Should Athletes Concern Themselves with Blood Clots?

Should Athletes Concern Themselves with Blood Clots?

Written by NBCA’s Sports & Wellness Institute Advisory Committee Member Bill Robertson, Doctor of Health Science (DHSc), Weber State University

For years, studies have identified common characteristics that increase the risk of blood clots, such as obesity, cancer, and heart disease (Anderson & Spencer, 2003).  But more recent studies suggest that even those in peak physical condition, particularly athletes, can be at an increased risk of developing life-threatening venous thromboembolisms, or VTEs (Nazha et al., 2018).

Athletes are more prone to VTEs, not because of ill health, but because of athlete-specific variables that increase the prime conditions of blood clot formation (Chill et al., 2020).  For instance, athletes often experience the types of injuries which damage delicate vasculature and can result in thrombosis within the bloodstream (Hull et al, 2015).

Additionally, athletes are often immobile for extended periods of time as a result of injuries or long travel when involved in organized sports (Eichner, 2014).  Even short periods of immobilization can result in stagnation within the bloodstream, a prime culprit of blood clot formation. Also, athletes are often involved in activities that increase the conditions that thicken the blood from dehydration and the increased production of red blood cells (Meyering & Howard, 2004). Alone or in combination, all of these common variables of athleticism can increase the risk of VTEs. But these are not the only things working against athletes.

Overconfidence in peak fitness, and sometimes, fear of seeming psychologically weak, often leads to athletes downplaying the symptoms of VTE (O’Sullivan, 2018).  Because of the regularity of sprains, strains, and other athlete-related aches and pains, blood clot symptoms are often ignored by athletes and those who are physically active.

Similarly, due to their superior condition, medical professionals will often consider blood clots a low priority in their differential diagnosis of healthy athletes who present with signs and symptoms (Hummel et al., 2018). Although athletes do have additional protection from VTEs from the perspective of good health, certain activities can also put them at greater risk.

If you or someone close to you is an athlete or athletic, here are some considerations that might help you identify VTEs:

  • Pain level and/or quality that is disproportionate to the injury.
  • An injury, sprain, or strain that does not seem to improve as one would expect.
  • Pain that is accompanied with other vague illness, such as general fatigue, persistent malaise, or fever.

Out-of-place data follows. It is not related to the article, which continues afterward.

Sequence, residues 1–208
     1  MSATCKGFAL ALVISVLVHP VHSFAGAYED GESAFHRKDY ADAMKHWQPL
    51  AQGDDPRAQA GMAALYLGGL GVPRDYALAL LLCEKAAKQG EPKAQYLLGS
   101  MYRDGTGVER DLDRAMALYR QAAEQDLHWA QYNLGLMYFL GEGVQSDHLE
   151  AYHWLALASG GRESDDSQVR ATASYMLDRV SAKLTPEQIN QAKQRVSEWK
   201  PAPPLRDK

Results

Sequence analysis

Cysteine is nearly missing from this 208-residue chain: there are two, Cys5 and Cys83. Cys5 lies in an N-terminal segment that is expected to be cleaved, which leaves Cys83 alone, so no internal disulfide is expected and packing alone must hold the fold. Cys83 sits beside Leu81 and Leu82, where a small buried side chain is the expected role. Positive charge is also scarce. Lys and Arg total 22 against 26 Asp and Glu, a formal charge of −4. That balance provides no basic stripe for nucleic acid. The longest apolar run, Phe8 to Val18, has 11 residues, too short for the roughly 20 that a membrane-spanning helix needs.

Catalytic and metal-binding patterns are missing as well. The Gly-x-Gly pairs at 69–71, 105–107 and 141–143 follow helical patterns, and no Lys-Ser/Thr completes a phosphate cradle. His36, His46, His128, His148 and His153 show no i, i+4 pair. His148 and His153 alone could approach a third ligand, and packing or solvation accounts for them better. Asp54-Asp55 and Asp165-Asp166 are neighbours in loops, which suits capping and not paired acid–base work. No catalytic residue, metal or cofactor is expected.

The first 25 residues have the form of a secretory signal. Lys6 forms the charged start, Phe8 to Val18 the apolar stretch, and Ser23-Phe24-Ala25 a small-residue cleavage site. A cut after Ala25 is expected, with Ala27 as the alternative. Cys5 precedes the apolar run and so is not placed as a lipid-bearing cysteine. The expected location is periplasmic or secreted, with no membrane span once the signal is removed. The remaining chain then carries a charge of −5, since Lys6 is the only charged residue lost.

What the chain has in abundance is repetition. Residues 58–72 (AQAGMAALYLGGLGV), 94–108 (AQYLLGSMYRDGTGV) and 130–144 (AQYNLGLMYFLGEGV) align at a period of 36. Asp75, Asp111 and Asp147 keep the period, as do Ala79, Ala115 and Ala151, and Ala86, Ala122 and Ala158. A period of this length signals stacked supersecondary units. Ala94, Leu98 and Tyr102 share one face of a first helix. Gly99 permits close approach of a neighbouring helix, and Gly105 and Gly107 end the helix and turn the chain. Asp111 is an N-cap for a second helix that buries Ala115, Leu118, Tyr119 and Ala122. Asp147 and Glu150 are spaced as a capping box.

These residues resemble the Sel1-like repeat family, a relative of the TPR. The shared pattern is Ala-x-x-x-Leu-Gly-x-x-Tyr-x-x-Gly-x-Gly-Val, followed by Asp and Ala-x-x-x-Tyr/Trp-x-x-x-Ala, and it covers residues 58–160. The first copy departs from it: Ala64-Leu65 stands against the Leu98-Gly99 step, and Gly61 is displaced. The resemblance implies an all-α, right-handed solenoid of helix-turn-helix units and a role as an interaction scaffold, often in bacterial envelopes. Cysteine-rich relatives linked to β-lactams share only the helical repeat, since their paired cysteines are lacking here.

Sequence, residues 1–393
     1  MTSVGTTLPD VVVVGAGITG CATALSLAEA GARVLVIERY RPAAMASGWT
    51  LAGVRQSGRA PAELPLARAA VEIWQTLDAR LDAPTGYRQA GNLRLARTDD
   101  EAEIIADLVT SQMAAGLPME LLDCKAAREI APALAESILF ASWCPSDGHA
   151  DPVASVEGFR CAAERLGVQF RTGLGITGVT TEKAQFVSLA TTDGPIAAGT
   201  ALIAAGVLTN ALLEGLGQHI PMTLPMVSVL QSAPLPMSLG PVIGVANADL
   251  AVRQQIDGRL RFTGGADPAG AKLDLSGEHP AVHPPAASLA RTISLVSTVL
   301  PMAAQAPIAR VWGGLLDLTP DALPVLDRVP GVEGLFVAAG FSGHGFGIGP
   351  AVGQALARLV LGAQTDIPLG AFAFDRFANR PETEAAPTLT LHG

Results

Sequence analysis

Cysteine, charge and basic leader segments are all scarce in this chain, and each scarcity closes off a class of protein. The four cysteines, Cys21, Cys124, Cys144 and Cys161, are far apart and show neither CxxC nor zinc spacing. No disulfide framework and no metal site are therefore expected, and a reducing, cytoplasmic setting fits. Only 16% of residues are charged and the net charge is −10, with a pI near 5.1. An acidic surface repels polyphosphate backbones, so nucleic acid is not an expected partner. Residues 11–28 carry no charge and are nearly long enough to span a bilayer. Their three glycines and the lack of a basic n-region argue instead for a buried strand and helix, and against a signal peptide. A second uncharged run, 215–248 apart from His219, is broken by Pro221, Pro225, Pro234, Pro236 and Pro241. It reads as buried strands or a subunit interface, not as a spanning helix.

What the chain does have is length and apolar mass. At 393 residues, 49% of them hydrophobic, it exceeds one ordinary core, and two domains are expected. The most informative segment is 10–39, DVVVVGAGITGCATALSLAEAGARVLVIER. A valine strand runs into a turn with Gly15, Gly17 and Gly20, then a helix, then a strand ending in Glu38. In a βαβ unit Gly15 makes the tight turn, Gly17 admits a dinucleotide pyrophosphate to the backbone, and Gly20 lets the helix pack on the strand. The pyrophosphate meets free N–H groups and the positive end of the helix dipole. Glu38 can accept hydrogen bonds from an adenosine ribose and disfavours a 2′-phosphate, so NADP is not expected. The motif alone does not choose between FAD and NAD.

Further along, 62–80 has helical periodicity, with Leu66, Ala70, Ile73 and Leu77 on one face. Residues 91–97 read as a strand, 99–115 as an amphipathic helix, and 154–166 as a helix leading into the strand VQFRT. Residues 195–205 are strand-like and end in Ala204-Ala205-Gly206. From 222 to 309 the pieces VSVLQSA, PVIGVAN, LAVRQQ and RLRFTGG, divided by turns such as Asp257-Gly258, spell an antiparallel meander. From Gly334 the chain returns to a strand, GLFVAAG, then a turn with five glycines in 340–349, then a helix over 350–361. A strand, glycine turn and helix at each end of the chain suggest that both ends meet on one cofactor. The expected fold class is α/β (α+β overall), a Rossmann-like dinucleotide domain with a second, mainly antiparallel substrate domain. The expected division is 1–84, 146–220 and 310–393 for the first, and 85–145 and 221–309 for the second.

• Injury or pain that is not like that previously experienced from similar activities.
  • Injury or pain that is accompanied with an extended period of increased heart rate (hours or days), especially at rest.
  • Injury or pain that is accompanied with otherwise unexplained shortness of breath, especially at rest.
  • Unexplained and new onset of sharp pain in the chest or back that increases with inspiration.
  • Unexplained and new onset of anxiety or sudden sweating, especially at night.
  • A gut feeling that there is “more to it” than the usual injury or pain experienced from physical activity.

If you suspect that your symptoms could be caused by a blood clot, see your healthcare provider immediately, and let them know your concerns.  If they don’t answer all of your questions or address all of your concerns, be persistent or seek another opinion.  As an athlete, you know your body better than anyone.  For more information, visit Athletes and Blood Clots or contact the National Blood Clot Alliance at info@stoptheclot.org.


Anderson Jr, F. A., & Spencer, F. A. (2003). Risk factors for venous thromboembolism. Circulation, 107(23_suppl_1), I-9.

Chill, N. M., Monseau, A. J., Balcik, B. J., Sikora, R. D., & Oppenlander, K. (2020). Case Report: A Near Miss of Pulmonary Embolism in a Division 1 Collegiate Basketball Player. Clinical Practice and Cases in Emergency Medicine.

Eichner, E. R. (2014). Clots and consequences in athletes. Current sports medicine reports, 13(5), 287-288.

Hull, C. M., Hopkins, C. L., Purdy, N. J., Lloyd, R. C., & Harris, J. A. (2015). A case of unprovoked venous thromboembolism in a marathon athlete presenting atypical sequelae: what are the chances?. Scandinavian journal of medicine & science in sports, 25(5), 699-705.

Hummel, C., Geisler, P. R., Reynolds, T., & Lazenby, T. (2018). Posttraumatic deep vein thrombosis in collegiate athletes: an exploration clinical case series. Journal of Athletic Training, 53(5), 497-502.

Meyering, C., & Howard, T. (2004). Hypercoagulability in athletes. Current sports medicine reports, 3(2), 77-83.

Nazha, B., Pandya, B., Spyropoulos, A. C., & Kessler, C. M. (2018). Treatment of venous thromboembolism in elite athletes: a suggested approach to individualized anticoagulation. In Seminars in thrombosis and hemostasis (Vol. 44, No. 08, pp. 813-822). Thieme Medical Publishers.

O’Sullivan, K., O’Sullivan, P. B., & Gabbett, T. J. (2018). Pain and fatigue in sport: are they so different?

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